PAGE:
“Kids react to veganism with much more diplomacy than adults do. They get quiet, they think, they ask questions and offer insights. You can really have great philosophical discussions with kids because their imaginations and their love for nature and animals makes them so open to thinking about the world as it is and asking, ‘Why?’”

The whole piece is well worth reading. And if there is a young person in your life with whom you’d like to discuss the choice to not eat animals, Roth’s books are a wonderful point of departure.


Finally, a controversial new article in Today’s Dietitian about whether or not it is the responsibility of dietitians to adhere to certain body shapes in order to “set an example” for patients. My personal feeling, which is echoed by many of the dietitians interviewed, is that there’s some truth to the idea that patients would prefer to work with dietitians who actively model the healthful eating habits that they prescribe professionally. However, this is a separate issue from what dietitians weigh. Body shape is highly variable, often genetically determined, and appearances don’t bespeak a person’s healthfulness.

Beyond this, I think that there are limits to how strictly we ought to expect health care professionals to model the advice they are tasked with prescribing. I certainly understand this expectation, but at the same time, I believe that patients need to exercise compassion and real-world understanding. Health care professionals are human beings, and like all of us, they sometimes cannot or do not behave in a way that fits neatly with evidence-based lifestyle guidelines. That makes them no less capable of offering sound, informed, and intelligent advice to their patients, and we should grant them a little space between their professional duties and their personal choices.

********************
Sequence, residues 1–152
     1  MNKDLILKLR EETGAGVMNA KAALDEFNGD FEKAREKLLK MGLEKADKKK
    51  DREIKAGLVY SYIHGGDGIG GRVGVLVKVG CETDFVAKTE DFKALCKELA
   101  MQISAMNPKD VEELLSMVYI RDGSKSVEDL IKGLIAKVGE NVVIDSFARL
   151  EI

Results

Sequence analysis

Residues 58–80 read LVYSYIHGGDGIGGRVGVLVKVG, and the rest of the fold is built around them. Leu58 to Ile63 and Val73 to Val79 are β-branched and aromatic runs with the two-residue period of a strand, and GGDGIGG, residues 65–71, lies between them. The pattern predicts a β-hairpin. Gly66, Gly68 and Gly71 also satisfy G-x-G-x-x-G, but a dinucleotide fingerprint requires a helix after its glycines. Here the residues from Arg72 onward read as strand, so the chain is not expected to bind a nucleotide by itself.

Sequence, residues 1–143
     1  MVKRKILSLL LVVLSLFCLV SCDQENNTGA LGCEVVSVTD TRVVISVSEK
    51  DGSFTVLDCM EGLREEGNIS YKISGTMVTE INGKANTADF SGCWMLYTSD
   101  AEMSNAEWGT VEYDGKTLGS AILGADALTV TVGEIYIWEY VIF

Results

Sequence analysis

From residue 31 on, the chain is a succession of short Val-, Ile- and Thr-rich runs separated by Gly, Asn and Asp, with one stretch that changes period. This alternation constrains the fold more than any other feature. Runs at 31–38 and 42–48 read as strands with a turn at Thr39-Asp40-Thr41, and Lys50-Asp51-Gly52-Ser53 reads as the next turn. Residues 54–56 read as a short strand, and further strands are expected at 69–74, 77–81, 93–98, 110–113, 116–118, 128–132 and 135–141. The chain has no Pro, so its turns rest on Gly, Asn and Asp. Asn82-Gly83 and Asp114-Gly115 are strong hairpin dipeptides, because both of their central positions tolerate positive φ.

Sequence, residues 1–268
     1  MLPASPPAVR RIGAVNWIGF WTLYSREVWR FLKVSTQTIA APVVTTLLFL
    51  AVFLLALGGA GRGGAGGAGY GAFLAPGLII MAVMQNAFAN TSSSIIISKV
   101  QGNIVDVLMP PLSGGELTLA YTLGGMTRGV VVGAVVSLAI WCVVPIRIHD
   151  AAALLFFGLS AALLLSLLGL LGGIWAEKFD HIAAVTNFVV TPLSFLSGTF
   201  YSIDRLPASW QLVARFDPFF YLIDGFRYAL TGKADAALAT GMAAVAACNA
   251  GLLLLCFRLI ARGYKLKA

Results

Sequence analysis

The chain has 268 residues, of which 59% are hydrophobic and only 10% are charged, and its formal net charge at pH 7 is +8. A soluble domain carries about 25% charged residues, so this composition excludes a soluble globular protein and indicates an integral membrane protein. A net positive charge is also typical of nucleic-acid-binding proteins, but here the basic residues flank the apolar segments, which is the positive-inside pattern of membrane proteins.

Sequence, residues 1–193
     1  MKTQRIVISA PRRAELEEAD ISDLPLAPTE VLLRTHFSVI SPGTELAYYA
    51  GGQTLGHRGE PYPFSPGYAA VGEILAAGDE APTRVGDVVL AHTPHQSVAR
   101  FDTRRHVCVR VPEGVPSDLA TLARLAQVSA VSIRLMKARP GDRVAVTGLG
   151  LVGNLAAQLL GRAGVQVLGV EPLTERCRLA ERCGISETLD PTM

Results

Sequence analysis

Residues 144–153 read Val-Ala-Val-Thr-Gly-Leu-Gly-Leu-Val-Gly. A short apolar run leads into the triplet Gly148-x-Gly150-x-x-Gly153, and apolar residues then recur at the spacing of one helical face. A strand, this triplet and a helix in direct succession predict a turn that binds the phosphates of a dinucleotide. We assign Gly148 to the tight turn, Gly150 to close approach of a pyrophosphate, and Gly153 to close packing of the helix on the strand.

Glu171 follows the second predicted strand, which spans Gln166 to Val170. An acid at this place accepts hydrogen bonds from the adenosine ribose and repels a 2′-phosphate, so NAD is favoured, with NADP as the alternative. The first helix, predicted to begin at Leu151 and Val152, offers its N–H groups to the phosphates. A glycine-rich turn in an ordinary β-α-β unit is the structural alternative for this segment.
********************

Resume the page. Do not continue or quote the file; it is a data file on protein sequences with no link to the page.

On that note, friends, I’m signing off for today. I hope you all had a nice weekend, and I look forward to offering you a new recipe soon.


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Weekend Reading, 7.4.16


Happy July 4th, everyone! I hope you have a celebratory day, filled with good company and good food.

Steven and I are having a low key holiday at home this year. The avenues are quiet, the cars have all been driven away, and the city feels uncharacteristically spacious. Part of what I love about New York is its grittiness and bustle and noise, but when the city is empty over these long summer weekends I can admire it in a different way, peeking at what lies beneath the hectic daily tapestry.

My summer travels this year will begin after July 4th. This coming week, I’ll be flying to Denver to spend some time with my friend and fellow blogger Ashley. Why? Because Ashley has graciously agreed to be the photographer for my next cookbook, and we’re going to be working on the first photo shoot together. I’m a huge admirer of Ashley’s work, and I can’t believe how lucky I am to partner with her for this project. She’s already proving to be an invaluable source of ideas and inspiration, and I suspect that by the time the book is finished I’ll have her to thank for making it possible.

I’m going to take a week or so off from blogging while I’m gone, so that I can focus on the trip and the work at hand. I had every intention of making June a fruitful and productive month in terms of recipe development and testing, but I can’t say that things went according to schedule. I was bogged down by summer class, and if there’s a culinary correlate to writer’s block, I was all up in it.

My recipe testing process for the last two books was overwhelming at times, but it didn’t feel creatively challenging. Perhaps it was the quick turnaround time (short deadlines on both manuscripts) or the fact that I completed the first book as I was studying for the MCAT, and in comparison to test preparation any other task was bound to feel like a reprieve.